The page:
The scenario is almost as predictable as doping scandals and security lockdowns. Every four years, Olympics travel prices soar — and, much of the time, disappointing bookings from international fans translate to last-minute deals.
The London Olympics, which run July 27 to August 12, are no exception. Central London hotel rooms are selling nearly a third below their usual rates, West End theater hits are available at half price, and trans-Atlantic airfares have dipped. Even frequent flier tickets have become easier to find, says George Hobica of Airfarewatchdog.com.
"When the Olympics are on, normal tourists are scared away because cities are perceived as expensive and too difficult to deal with," the European Tours Operators Association's Tom Jenkins told the London Guardian. "This presents consumers with a big opportunity."
Wholesaler JacTravel told the Guardian London hotel bookings are down 35 percent in July and 30 percent in August, with rates during the Games "falling from very inflated levels" and post-Games prices dropping 15 to 20 percent from a year ago.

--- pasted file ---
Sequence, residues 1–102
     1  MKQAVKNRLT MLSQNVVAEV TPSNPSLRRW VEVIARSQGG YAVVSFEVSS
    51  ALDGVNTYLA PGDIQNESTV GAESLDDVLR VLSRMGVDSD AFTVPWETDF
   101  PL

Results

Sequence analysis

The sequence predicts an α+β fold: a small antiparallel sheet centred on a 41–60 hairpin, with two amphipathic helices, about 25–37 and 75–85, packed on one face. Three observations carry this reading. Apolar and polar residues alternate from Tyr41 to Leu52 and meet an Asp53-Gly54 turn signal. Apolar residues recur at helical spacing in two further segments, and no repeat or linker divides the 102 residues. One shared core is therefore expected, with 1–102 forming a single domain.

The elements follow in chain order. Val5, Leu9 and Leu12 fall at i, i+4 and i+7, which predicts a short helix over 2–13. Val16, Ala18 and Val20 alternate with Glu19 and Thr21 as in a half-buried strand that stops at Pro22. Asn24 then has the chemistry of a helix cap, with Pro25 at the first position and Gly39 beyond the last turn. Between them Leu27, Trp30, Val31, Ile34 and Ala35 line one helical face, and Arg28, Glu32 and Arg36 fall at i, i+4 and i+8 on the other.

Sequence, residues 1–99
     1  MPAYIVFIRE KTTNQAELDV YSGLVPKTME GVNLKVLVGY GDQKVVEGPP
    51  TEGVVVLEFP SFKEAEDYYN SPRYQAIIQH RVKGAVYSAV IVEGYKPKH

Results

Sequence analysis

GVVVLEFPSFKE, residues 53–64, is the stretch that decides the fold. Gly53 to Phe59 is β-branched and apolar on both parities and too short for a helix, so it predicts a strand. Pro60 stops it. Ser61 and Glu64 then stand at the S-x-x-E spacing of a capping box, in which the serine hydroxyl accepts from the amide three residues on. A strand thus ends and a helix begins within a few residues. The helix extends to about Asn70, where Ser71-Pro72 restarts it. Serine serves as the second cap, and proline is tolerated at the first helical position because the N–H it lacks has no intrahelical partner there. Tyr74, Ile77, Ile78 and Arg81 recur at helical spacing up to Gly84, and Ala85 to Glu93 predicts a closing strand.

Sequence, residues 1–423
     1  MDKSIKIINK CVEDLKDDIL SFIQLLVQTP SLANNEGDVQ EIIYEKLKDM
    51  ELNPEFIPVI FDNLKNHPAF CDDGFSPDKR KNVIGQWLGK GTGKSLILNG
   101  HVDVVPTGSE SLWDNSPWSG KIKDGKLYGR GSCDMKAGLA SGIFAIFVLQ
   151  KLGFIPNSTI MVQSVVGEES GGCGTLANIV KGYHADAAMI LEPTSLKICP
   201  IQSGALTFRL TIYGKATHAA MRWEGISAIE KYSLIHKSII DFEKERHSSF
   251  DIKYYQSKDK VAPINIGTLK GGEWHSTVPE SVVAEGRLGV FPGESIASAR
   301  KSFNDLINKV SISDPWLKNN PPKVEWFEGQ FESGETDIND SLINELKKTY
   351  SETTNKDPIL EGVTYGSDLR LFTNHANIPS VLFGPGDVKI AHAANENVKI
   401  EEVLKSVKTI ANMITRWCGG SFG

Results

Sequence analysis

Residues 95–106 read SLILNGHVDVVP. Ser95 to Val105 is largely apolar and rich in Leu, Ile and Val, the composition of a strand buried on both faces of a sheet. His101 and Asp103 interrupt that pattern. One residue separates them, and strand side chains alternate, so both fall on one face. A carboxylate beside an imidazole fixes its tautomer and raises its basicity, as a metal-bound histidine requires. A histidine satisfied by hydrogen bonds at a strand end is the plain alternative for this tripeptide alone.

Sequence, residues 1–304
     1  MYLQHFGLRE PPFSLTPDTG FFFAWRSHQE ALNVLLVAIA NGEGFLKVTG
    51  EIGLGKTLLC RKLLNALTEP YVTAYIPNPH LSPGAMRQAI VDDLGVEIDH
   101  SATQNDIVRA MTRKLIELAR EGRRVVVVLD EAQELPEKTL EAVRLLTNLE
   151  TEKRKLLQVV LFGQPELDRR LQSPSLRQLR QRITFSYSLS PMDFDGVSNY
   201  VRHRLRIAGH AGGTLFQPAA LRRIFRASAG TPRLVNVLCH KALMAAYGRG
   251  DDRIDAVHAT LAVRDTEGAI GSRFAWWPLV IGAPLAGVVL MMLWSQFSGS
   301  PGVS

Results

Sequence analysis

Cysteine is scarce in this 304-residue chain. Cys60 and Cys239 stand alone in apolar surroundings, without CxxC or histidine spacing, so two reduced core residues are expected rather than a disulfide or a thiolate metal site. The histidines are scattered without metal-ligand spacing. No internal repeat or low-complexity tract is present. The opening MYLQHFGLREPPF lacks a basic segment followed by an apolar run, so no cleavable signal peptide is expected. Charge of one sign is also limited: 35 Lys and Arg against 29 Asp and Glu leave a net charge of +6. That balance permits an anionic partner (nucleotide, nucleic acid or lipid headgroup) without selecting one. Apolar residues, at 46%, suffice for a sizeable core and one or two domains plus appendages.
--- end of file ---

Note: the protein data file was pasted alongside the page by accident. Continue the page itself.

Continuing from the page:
The Cadogan, in Knightsbridge, is offering two promotions during the Olympics: stay for three nights and pay for two; stay for four nights and pay for three.
British tour operatorThomas Cook is touting discounts of up to 50 percenton packages that combine hotel stays and tickets. Example: $3,578 per person (38 percent off) for a two-night package that includes a four-star South Bank hotel and finals tickets to beach volleyball and other events.
Fly.com's Warren H. Chang, meanwhile, says round-trip tickets from the East Coast to London during the Games are still available for less than $1,000, taxes included, "which isn't too far from typical summer pricing."